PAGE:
For me, the key to unlocking this paradox is in distinguishing between needing others for meeting my needs, and needing someone in particular. When it comes to material needs, hardly anyone on the planet is self-sufficient, those of us in modern, highly differentiated societies least of all. Who of us grow the food we eat? How many of us are able to provide medical services to ourselves? We generally use money to mediate this dependence on others, and this impersonal relationship certainly makes it clear that we are in need of someone to grow the wheat that goes into our bread, and that it doesn’t usually matter very much who that someone is.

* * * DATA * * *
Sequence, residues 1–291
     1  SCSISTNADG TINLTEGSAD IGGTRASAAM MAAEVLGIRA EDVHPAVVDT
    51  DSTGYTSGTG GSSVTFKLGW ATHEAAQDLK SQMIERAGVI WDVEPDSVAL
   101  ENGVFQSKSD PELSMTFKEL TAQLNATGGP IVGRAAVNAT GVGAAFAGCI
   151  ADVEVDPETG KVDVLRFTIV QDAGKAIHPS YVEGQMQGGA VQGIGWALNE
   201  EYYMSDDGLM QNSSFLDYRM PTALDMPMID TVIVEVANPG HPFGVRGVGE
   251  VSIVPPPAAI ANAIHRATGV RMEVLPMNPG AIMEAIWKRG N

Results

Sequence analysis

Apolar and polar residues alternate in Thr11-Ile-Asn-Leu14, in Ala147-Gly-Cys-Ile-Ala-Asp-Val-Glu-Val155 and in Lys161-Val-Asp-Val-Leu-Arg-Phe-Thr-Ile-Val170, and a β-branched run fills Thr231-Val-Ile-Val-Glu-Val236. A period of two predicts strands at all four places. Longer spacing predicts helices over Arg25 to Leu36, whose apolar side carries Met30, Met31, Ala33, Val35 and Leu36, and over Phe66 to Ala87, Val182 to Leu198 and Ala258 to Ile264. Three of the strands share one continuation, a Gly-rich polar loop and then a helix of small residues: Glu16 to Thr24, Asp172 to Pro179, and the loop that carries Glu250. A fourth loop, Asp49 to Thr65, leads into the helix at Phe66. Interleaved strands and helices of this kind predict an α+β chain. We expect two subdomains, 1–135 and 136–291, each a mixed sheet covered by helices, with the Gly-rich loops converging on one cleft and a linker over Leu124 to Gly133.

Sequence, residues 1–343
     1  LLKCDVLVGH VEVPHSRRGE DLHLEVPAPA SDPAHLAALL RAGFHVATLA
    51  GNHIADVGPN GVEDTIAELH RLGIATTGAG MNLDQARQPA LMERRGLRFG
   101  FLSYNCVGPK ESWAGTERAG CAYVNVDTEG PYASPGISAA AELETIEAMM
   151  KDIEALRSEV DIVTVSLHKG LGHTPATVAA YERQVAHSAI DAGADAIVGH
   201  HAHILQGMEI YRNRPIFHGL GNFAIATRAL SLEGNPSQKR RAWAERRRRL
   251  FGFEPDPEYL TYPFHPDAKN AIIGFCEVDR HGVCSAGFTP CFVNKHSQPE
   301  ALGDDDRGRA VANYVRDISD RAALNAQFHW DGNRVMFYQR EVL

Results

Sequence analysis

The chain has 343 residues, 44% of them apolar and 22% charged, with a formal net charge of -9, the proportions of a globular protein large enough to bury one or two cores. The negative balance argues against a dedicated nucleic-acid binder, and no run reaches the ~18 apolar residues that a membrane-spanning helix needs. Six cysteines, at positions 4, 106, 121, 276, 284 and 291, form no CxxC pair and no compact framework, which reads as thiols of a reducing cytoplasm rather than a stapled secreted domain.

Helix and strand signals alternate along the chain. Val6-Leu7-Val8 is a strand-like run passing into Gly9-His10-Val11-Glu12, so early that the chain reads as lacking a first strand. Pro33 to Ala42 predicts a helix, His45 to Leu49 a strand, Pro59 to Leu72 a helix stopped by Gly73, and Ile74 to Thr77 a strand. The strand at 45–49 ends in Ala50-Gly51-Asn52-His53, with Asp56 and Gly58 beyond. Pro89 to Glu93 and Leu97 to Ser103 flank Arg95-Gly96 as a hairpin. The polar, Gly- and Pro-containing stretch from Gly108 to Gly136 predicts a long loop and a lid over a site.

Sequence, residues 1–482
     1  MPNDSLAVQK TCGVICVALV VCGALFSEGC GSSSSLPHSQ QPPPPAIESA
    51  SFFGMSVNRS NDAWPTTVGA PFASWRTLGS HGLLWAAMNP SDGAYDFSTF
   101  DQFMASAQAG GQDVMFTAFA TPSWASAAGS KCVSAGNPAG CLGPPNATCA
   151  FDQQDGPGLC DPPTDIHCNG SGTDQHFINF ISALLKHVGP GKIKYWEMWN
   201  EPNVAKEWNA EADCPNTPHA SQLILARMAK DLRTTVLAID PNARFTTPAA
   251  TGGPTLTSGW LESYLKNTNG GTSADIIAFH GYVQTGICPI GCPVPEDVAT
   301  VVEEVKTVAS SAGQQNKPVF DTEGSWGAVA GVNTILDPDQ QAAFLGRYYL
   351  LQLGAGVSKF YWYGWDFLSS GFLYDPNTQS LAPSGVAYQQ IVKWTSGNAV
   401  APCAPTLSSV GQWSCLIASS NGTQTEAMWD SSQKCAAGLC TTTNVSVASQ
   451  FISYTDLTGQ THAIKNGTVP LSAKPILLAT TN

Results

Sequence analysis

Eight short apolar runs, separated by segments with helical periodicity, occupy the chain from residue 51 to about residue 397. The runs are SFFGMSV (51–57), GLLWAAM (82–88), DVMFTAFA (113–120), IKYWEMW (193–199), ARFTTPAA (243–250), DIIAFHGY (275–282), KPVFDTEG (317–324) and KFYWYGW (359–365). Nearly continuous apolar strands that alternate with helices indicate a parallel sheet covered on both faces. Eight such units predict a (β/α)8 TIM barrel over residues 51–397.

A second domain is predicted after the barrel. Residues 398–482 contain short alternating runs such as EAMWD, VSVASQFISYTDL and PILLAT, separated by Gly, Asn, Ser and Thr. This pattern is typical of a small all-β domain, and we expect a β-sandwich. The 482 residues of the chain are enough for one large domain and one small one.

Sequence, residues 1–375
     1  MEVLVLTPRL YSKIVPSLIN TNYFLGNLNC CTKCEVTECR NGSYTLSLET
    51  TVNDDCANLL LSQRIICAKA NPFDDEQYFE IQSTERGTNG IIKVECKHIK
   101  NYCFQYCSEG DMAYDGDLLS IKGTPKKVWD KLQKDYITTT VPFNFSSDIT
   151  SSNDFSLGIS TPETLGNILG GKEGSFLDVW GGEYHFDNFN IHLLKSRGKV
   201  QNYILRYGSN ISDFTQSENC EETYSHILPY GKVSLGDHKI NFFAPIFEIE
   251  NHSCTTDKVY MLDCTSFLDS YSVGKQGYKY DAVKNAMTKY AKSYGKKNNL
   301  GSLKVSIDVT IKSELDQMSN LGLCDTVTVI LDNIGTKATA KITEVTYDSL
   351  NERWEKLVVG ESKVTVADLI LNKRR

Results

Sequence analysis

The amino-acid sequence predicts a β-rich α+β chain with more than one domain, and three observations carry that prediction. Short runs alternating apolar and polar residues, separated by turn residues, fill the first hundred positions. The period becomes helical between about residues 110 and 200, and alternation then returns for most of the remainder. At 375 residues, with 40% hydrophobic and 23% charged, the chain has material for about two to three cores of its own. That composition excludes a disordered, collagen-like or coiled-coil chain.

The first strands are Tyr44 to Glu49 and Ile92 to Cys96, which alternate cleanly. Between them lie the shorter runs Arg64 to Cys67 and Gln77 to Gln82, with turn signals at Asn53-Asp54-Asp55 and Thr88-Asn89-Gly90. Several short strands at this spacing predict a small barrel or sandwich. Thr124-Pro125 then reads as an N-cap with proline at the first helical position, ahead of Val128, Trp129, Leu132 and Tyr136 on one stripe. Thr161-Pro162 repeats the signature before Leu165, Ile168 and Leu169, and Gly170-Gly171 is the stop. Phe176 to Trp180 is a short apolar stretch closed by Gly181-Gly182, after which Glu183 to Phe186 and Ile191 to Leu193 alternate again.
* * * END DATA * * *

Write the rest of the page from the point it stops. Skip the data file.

More often than not, it is our emotional and social needs that I hear invitations to meet from within. I keep getting the message to look inside for the love, acceptance, acknowledgment, and the like that we are accustomed to look to others for. My heart weeps a little whenever I hear these messages. What I aim for is to embrace my needs and the awareness that in some fundamental way they can only be met by others, while at the same time cultivating the freedom from attachment to the particular forms or people that will attend to my need, or to having the need met at any given moment, or even at all. Yes, we can internalize love and empathy if enough is provided in the critical years in which our fundamental neural and emotional structures are created. Yes, we can rest in our own acceptance and love. And I also know that loving and accepting myself, which I do, is simply not the same human experience as being loved and accepted by others. Even Ishi, the last survivor of repeated massacres of his tribe in California over a hundred years ago, walked into captivity rather than continue to live alone in the wild. I sometimes think of this man, of his agony of being the only one left of his group, what it was like for him.